Isolation and engagement are two things on my heart and mind. I was a teacher for 25 years in a school that had a program for Autistic children. The children enrolled in the program at a very young age. One of the program’s goals was to thoughtfully integrate the Autistic children into the school’s academic schedule, which happened.
I was the art teacher, which afforded me the wonderful opportunity to get to know every child in elementary school. The Autistic children were certainly on my mind when it came to my natural desire for everything to be inclusive, for the children and adults to be kind to one another, and when I considered the fact that, as far as I was concerned, it was part of my job to know how to engage all minds in what I was to present as a learning lesson.
I remember Silly String was a hit with the Autistic children. I tried many ways to engage them, but, when I pulled out that Silly String, I had their attention. They loved exploring its texture and color. Most of all, the experience sparked greater engagement.
However, the issue of isolation was apparent. These children were labeled, they were perceived as a group, and they were different from their non-Autistic peers in socializing within the school.
They had “their” main center, “their” aides. I felt each child was very much aware of the school’s social setting outside of their classroom. They desired to be part of the school; on their own terms and in their own ways. It was our job as teachers to understand and meet their needs and, whenever possible, to address their wishes.
There was one particular student who had been in the program for four years and was then in Grade 4. This child, a budding artist, came to me during an art class and said, “I do not think they are being nice to me.”
This student’s words have never left me. That was 13 years ago. His words are what fueled my desire to create the character of “Scarlet Saltee” in Archie Comics; to provide stories that parents, family members, teachers, and, most significantly, Autistic children and adults, can utilize as an icebreaker to talk about Autism, inclusion, and kindness.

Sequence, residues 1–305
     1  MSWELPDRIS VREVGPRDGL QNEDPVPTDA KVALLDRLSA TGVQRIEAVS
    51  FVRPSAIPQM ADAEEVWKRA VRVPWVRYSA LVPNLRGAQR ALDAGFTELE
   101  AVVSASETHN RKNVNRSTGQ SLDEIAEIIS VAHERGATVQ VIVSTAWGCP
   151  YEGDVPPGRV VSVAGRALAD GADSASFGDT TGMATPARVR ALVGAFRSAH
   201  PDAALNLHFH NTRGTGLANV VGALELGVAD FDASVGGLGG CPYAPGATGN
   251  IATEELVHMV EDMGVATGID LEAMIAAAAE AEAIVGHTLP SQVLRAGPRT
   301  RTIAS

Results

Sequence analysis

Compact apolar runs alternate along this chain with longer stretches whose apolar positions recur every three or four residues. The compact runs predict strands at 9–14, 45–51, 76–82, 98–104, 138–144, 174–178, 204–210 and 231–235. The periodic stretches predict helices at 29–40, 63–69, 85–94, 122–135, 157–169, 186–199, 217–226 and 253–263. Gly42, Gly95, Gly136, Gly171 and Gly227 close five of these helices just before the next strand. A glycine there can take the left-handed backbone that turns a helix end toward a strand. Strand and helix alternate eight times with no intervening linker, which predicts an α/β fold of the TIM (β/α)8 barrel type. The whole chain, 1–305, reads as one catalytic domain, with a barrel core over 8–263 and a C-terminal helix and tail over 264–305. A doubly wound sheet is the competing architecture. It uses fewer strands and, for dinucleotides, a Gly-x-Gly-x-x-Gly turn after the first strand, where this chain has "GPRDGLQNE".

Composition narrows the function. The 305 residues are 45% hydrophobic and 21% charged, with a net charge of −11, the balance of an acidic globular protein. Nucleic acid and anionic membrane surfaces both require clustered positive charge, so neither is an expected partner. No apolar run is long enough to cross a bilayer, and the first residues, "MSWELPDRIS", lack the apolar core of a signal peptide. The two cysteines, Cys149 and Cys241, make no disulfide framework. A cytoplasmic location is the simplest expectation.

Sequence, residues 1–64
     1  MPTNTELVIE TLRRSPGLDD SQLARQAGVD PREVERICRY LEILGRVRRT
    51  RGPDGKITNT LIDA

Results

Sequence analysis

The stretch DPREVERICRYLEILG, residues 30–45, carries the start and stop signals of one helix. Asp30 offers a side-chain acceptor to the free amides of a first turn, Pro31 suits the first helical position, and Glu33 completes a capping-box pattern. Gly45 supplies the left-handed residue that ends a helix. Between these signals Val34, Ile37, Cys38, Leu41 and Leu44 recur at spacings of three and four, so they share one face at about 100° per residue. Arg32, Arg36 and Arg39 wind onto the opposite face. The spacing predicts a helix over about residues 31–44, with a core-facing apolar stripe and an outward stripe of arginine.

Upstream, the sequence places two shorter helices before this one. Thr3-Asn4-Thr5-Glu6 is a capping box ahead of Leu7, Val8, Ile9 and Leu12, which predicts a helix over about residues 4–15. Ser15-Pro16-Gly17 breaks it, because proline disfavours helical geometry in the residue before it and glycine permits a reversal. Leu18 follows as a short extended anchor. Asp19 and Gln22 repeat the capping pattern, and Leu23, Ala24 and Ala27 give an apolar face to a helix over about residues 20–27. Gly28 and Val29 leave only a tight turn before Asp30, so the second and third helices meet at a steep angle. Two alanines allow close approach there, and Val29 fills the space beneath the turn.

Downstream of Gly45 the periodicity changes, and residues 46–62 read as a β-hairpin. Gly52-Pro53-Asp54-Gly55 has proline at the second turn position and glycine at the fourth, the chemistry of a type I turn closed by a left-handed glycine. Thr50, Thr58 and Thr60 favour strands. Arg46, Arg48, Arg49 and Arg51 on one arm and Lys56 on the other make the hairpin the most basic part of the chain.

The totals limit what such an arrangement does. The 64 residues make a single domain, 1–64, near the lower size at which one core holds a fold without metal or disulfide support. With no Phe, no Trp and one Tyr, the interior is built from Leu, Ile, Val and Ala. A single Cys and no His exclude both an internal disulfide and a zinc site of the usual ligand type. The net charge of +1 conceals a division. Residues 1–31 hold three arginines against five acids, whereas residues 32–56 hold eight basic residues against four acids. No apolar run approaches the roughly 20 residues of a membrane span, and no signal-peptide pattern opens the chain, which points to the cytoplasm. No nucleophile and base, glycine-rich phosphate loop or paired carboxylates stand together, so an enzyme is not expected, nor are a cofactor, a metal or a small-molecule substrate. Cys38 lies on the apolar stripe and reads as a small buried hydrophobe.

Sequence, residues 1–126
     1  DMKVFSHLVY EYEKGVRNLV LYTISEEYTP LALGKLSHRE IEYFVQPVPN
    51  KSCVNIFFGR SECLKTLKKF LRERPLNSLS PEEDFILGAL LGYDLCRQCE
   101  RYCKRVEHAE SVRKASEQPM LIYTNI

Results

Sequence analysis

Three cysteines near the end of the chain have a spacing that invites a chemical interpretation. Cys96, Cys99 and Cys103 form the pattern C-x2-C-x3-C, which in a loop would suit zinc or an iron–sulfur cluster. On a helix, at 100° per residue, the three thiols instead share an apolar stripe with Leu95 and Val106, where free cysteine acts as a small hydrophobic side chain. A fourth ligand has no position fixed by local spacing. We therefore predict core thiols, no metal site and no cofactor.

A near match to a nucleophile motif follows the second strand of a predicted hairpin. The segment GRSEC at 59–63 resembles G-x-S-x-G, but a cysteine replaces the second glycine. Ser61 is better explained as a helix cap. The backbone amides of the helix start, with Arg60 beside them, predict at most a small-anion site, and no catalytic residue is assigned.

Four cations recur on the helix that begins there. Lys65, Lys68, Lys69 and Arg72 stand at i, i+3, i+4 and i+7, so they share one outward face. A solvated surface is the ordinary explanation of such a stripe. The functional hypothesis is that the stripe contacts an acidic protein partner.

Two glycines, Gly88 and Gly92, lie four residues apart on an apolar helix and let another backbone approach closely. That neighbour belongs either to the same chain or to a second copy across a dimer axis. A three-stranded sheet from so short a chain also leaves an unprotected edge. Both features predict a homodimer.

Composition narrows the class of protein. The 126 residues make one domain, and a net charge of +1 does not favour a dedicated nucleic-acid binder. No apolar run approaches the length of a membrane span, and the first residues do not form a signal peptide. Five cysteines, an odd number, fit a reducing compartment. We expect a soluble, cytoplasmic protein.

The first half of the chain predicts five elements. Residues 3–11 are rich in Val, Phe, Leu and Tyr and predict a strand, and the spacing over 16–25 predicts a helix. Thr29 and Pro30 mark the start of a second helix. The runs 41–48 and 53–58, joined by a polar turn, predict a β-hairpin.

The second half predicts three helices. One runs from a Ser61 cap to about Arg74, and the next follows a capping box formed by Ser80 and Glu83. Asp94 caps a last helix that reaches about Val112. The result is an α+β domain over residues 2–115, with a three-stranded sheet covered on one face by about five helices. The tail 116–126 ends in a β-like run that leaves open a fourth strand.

Another (related) area for me to tackle is online bullying. With ever-increasing technology and more people having access to it, cyberbullying is becoming rampant. Scarlet’s message is also directed to everyone when it comes to the cruelest acts to intentionally isolate another human being.
That is wrong, of course, and I can’t even describe the deep and lasting pain that it creates. Why on earth carry bullying on your shoulders or in your heart? Scarlet’s message is one of compassion and understanding. Her character is a role model for the bullied and the bullies.
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Scarlet’s first appearance into Archie Comics is titled “Kindness Works”.
If I had only had this particular comic when my student reported unkindness, I feel it would have aided in “engagement “! I support and promote the use of comic books in the classroom. It’s a magical method to spark conversation on topics that are on difficult to approach! Rich graphics spark the brain for analysis. This provides the reader with the opportunity to expand the story, build values, and internalize thought in a way that makes sense to the reader. I coined the phrase Comic Books + Children = Read, Knowledge, and Confidence!
Why not, I say! Stories change hearts. Stories change minds. Stories provide hope! The next time you see a superhero movie, remember superheroes can be more than just getting that fictional bad guy. They can be the path to open meaningful conversation, such as Autism, Inclusion, various learning styles, and the need for kindness.
It’s really important to know that if people have trouble verbally communicating, that does not mean that they do not understand what is being said or done. The character of Scarlet Saltee desires to have friends and struggles to do so, due to the fact that her social cues sometimes makes it difficult for her to form friendships.
Many in Scarlet’s position feel some people make fun of them because they don’t understand that their behaviors are sometimes about being Autistic. Sometimes, people can be mean and Autistic people do not know how to tell them how bad it feels. It can be really hard. Scarlet says, “We are all unique, but have some things in common.
So I am part of a big community! It would be really cool if people who aren’t Autistic could learn about Autism from Autistic people, and also from trusted resources, and stuff, instead of believing rumors and stereotypes. YOU can be a voice for Inclusion for All!”
Hashtags: #KindnessWorks and #KindnessIcon
This article was featured in Issue 88 – Knowledge is Power